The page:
I need to clarify something before launching into talking about Trainspotting: This movie is not about trains. Not at all. The word “trainspotting” is slang for searching for a vein thick enough for shooting up, i.e. for shooting heroin. This movie is about heroin. Lots and lots of heroin.
The gist: We open with Renton, a young Scot living in a flat with a bunch of his friends. They’ve all been friends forever, and they’re all addicted to something. For most of them, it’s heroin. But others choose pills, alcohol or just plain fighting. Everyone gets that their addictions are supposedly dangerous, but frankly there’s nothing else to look forward to in their part of the world.
But then God switches on the tragedy faucet. A baby dies because the mother was partying with Renton and the gang and neglected it. Someone gets arrested for theft. Another person is diagnosed with HIV. So Renton stops prolonging the inevitable and gets sober. But once he does, he realizes just how boring his life is and how little his friends really care about him. One relapse and complete detox later, and Renton’s living in his own flat in London. Great stuff! But his druggie friends have learned that he has cash to burn. They need him for one last score, because what else are friends for?
What I “learned”: What if the criticisms of the “square world” that addicts and other completely unhealthy people lobbied at it were true? Would we be able to handle such a possibility?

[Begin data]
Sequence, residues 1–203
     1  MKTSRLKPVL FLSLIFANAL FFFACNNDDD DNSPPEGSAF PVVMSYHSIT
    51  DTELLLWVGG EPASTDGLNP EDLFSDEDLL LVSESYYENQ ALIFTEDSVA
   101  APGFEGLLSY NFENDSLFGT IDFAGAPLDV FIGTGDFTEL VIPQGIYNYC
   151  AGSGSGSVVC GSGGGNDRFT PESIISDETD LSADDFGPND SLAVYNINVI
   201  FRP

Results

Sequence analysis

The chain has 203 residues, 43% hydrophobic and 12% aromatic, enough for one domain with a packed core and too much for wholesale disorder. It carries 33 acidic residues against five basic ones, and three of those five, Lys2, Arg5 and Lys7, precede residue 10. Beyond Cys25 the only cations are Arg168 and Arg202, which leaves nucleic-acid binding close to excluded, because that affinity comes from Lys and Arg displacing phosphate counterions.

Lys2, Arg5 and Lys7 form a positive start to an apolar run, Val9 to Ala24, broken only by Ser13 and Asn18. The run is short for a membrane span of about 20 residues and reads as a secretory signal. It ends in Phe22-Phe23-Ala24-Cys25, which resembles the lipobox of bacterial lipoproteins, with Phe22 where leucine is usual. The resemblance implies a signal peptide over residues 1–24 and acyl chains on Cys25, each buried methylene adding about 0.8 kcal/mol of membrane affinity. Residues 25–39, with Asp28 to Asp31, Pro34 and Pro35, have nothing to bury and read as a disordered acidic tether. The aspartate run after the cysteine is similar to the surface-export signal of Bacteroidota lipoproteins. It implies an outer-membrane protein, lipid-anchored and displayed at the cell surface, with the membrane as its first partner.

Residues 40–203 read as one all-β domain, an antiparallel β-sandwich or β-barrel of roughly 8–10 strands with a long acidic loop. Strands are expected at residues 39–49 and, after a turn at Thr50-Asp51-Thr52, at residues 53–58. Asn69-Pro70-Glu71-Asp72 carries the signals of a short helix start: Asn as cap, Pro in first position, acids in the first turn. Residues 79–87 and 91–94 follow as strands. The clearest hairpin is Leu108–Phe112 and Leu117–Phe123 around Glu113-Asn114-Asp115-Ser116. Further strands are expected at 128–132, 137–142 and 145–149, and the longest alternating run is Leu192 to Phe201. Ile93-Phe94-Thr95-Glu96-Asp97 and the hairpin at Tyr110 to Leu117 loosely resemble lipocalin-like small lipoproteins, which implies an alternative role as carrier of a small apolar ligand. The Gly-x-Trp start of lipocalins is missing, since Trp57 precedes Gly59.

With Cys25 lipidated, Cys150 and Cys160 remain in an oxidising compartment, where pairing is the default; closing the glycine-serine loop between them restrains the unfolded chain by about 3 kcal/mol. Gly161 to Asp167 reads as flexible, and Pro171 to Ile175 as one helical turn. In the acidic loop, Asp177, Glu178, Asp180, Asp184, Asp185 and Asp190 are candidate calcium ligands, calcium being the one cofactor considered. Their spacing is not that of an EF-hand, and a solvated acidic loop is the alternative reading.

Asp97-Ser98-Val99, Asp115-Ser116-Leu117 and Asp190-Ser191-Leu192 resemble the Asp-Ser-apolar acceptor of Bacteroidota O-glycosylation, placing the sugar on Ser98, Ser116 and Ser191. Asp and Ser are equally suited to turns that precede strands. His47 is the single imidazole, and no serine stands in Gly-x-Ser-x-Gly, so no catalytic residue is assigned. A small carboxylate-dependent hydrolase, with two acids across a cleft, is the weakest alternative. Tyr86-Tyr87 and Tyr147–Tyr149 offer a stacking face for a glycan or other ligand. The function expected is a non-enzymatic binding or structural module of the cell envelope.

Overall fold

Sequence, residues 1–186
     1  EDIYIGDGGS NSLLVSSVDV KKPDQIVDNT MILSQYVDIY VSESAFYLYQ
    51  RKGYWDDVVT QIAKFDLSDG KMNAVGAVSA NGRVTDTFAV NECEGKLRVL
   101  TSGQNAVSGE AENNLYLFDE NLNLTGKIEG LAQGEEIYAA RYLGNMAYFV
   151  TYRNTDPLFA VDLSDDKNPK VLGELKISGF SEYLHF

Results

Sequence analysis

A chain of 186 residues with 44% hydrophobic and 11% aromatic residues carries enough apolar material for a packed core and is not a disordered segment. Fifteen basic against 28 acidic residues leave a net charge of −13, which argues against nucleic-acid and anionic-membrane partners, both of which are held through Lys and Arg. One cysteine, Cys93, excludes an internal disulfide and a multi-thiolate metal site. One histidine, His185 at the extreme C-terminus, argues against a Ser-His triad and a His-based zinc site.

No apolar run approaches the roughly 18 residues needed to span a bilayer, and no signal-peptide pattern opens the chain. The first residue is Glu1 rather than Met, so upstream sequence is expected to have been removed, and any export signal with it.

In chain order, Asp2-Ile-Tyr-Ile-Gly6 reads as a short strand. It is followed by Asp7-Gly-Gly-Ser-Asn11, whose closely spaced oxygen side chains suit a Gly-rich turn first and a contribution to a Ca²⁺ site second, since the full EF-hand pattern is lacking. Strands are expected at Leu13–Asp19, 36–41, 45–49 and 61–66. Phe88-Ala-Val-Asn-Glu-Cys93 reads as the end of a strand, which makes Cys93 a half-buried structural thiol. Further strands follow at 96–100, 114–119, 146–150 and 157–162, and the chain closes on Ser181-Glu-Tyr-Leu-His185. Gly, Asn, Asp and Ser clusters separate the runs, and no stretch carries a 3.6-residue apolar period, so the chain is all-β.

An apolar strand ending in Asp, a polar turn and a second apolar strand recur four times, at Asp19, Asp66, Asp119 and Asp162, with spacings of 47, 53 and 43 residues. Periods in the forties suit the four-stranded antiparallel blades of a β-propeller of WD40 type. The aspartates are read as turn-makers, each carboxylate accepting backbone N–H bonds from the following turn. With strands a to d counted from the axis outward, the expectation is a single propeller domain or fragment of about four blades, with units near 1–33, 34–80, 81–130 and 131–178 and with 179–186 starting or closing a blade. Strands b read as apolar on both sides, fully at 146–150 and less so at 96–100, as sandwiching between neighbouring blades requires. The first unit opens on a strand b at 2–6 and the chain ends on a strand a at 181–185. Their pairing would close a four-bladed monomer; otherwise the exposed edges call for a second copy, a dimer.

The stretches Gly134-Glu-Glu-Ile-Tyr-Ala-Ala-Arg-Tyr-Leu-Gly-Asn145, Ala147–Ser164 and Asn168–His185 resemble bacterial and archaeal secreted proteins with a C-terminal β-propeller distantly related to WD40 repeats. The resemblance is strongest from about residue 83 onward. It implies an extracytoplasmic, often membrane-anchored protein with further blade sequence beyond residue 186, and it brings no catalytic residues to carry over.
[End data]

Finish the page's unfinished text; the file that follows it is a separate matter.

This film was a big one in the Pacific Northwest Liberal College lexicon of film, and I see why. It’s a feck-the-system film that’s really well made, and paints a portrait of a drug user who’s actually highly relatable. But this film is unique in that the druggies have valid complaints about the society in which they’re living. There’s nothing to do. There’s nowhere to go if you don’t have money. The life their parents want for them is devoid of any adventure. So why not shoot up? I can say as someone in America that you can create the adulthood you want, but it seems much more hopeless if your part of the country is surrounded by abject sadness.
See this movie if you like: Drug movies with a special focus on the relationships that come with using drugs. When Renton gets completely clean, he isn’t so much frustrated with his sobriety so much as his friends. They won’t let him go his own way, and use him as a source for money and stashing space. Renton’s angry because he’s being used, and these friendships aren’t as genuine as he once thought. That’s something anyone can fee, whether or not they’ve ever used drugs.
Avoid this movie if: You’re easily frustrated with drug movies that have a happy ending. Or, more accurate, a rehab ending. The characters you sympathize with as the audience get clean, and the despicable characters get what’s coming to them. It’s a little too clean, too neat for my own tastes. I longed for an ending like Fear and Loathing, where the characters separated enough so that everyone was free to do their own thing. That feels much more genuine than an ending where someone willingly embraces the square life. I don’t believe it. He’ll be back on heroin in two weeks.
New Films Watched: 50
Films Re-Watched: 2
Total Number of Films: 52
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